• On ne badine pas avec l'amour (1834)
  • La Quenouille de Barberine (1835)
  • Le Chandelier (1835)
  • Il ne faut jurer de rien (1836)
  • Faire sans dire (1836)
  • Un Caprice (1837)
    • first performed in 1847, and a huge success, leading to the performance of other plays
  • Il faut qu'une porte soit ouverte ou fermée (1845)
  • L'Habit vert (1849)
  • Louison (1849)
  • On ne saurait penser à tout (1849)
  • L'Âne et le Ruisseau (1855)


  • La Confession d'un enfant du siècle (The Confession of a Child of the Century, 1836)[1]
  • Histoire d'un merle blanc (The White Blackbird, 1842)

Short stories and novellas

  • Emmeline (1837)
  • Le Fils du Titien (1838)
  • Frédéric et Bernerette (1838)
  • Margot (1838)
  • Croisilles (1839)
  • Les Deux Maîtresses (1840)
  • Histoire d'un merle blanc (1842)
  • Pierre et Camille (1844)
  • Le Secret de Javotte (1844)
  • Les Frères Van Buck (1844)
  • Mimi Pinson (1845)
  • La Mouche (1853)

In English translation

  • A Good Little Wife (1847)
  • Selections from the Prose and Poetry of Alfred de Musset (1870)
  • Tales from Alfred de Musset (1888)
  • The Beauty Spot (1888)
  • Old and New (1890)
  • The Confession of a Child of the Century (1892)
  • Barberine (1892)
  • The Complete Writings of Alfred de Musset (1907)
  • The Green Coat (1914)
  • Fantasio (1929)
  • Camille and Perdican (1961)
  • Historical Dramas (1997)
  • Lorenzaccio (1998)
  • Twelve Plays (2001)

Selected filmography

  • On ne badine pas avec l'amour, directed by Gaston Ravel and Tony Lekain (France, 1924, based on the play On ne badine pas avec l'amour)
  • Mimi Pinson, directed by Théo Bergerat (France, 1924, based on the poem Mimi Pinson)
  • Hon, den enda, directed by Gustaf Molander (Sweden, 1926, based on the play Il ne faut jurer de rien)
  • One Does Not Play with Love, directed by G. W. Pabst (Germany, 1926, based on the play On ne badine pas avec l'amour)
  • The Rules of the Game, directed by Jean Renoir (France, 1939, inspired by the play Les Caprices de Marianne)
  • Lorenzaccio, directed by Raffaello Pacini (Italy, 1951, based on the play Lorenzaccio)
  • Mimi Pinson, directed by Robert Darène (France, 1958, based on the poem Mimi Pinson)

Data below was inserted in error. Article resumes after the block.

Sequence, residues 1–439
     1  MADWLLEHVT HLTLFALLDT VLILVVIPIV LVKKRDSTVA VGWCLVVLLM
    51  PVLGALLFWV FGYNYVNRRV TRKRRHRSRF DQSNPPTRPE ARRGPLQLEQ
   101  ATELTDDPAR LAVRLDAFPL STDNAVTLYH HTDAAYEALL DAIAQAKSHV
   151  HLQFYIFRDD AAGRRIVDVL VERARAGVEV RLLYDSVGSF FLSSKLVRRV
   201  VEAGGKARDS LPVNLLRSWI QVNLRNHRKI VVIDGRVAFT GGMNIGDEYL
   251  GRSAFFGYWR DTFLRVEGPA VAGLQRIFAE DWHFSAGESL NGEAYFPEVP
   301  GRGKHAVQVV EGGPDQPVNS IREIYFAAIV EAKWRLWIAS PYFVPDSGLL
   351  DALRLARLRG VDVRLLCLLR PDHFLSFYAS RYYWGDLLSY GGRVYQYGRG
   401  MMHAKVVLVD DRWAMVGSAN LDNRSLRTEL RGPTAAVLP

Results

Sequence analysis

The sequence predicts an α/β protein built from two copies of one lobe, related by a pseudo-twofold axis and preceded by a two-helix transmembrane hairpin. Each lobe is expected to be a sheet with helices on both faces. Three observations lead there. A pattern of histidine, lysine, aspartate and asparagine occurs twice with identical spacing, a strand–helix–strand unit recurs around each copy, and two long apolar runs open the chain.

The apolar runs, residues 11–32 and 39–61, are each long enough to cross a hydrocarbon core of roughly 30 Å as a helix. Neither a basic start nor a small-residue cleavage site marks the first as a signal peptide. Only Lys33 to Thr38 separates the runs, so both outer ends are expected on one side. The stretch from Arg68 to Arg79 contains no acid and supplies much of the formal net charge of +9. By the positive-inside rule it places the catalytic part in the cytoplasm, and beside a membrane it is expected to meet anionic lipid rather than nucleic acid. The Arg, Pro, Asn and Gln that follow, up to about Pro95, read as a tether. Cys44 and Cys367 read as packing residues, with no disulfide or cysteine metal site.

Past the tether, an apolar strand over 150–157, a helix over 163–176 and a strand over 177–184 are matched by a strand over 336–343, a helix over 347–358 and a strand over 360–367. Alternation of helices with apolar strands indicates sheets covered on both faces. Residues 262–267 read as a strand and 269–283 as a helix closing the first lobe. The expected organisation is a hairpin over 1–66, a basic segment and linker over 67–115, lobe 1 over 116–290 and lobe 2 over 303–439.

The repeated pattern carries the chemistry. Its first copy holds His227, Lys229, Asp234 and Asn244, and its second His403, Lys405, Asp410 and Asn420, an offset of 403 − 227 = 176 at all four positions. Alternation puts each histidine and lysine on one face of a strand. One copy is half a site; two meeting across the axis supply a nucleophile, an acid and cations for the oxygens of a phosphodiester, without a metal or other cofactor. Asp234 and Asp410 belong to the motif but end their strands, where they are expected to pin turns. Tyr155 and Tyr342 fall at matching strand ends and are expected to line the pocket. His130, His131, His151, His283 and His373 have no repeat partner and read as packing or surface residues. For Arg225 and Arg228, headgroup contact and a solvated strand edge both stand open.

• No Trifling with Love, directed by Caroline Huppert (France, 1977, TV film, based on the play On ne badine pas avec l'amour)
  • La Confession d'un enfant du siècle, directed by Claude Santelli (France, 1974, TV film, based on the novel Confession d'un enfant du siècle)
  • Le Chandelier, directed by Claude Santelli (France, 1977, TV film, based on the play Le Chandelier)
  • Il ne faut jurer de rien, directed by Éric Civanyan [{{safesubst:#invoke:Separated entries|main}}] (France, 2005, based on the play Il ne faut jurer de rien)
  • Confession of a Child of the Century, directed by Sylvie Verheyde (France, 2012, based on the novel Confession d'un enfant du siècle)
  • Two Friends, directed by Louis Garrel (France, 2015, loosely based on the play Les Caprices de Marianne)


  1. 1.0 1.1 1.2 Robert T. Tuohey, "Chessville – Alfred de Musset: Romantic Player", Chessville, 2006. Retrieved April 19, 2023.
  2. 2.0 2.1 2.2 2.3 2.4 His names are often reversed as "Louis Charles Alfred de Musset."
  3. The Spectator, Volume 50 (F.C. Westley, 1877), 983.
  4. Barbara Kendall-Davies, The Life and Work of Pauline Viardot Garcia (Cambridge, U.K.: Cambridge Scholars Press, 2003, ISBN 1904303277), 45-46. Retrieved April 29, 2023.
  5. Tsung O. Cheng M.D., "Twelve eponymous signs of aortic regurgitation, one of which was named after a patient instead of a physician," The American Journal of Cardiology 93(10) (May 15, 2004): 1332–3.
  6. Alfred de Musset, English text of Lorenzaccio," The Complete Writings of Alfred de Musset, (New York, Privately published, 1906). Retrieved April 19, 2023.
  7. Hugh Macdonald, "Djamileh," The New Grove Dictionary of Opera, Oxford Music Online. Retrieved April 19, 2023.
  8. Andrew Lamb, "Jacques Offenbach," The New Grove Dictionary of Opera (London, U.K. and New York, NY: Macmillan, 1997, ISBN 978-0935859928).
  9. A. Hoérée & Langham Smith R. Henri Sauguet, Les caprices de Marianne in The New Grove Dictionary of Opera (London and New York, Macmillian, 1997, ISBN 978-0935859928).
  10. Liane Curtis, "Clarke, Rebecca," Oxford Music Online, Oxford University Press. Retrieved April 19, 2023.
  11. W. H. Auden and Louis Kronenberger, The Viking Book of Aphorisms (New York, NY: Viking Press, 1966).
  12. "A quote by Alfred de Musset," Goodreads. Retrieved April 19, 2023.
  13. Maturin Murray Ballou, "Pearls of Thought," (Boston, MA: Houghton, Mifflin & Company, 1881), 266. Retrieved April 29, 2023.
  14. [1] They Said So. Retrieved May 4, 2023.

ISBN links support NWE through referral fees

  • Affron, Charles. A Stage For Poets: Studies in the Theatre of Hugo and Musset. Princeton, NJ: Princeton University Press, 1971. ISBN 978-0691062013
  • Auden, W.H., and Louis Kronenberger. The Viking Book of Aphorisms. New York, NY: Viking Press, 1966.
  • Ballou, Maturin Murray. "Pearls of Thought,". Boston, MA: Houghton, Mifflin & Company, 1881. Retrieved April 29, 2023.
  • Bishop, Lloyd. The Poetry of Alfred de Musset. Styles and Genres. New York, NY: Peter Lang, 1987. ISBN 978-0820403571
  • Croce, Benedetto. "De Musset," in European Literature in the Nineteenth Century. London, U.K.: Chapman & Hall, 1924,  252–266. Retrieved April 19, 2023.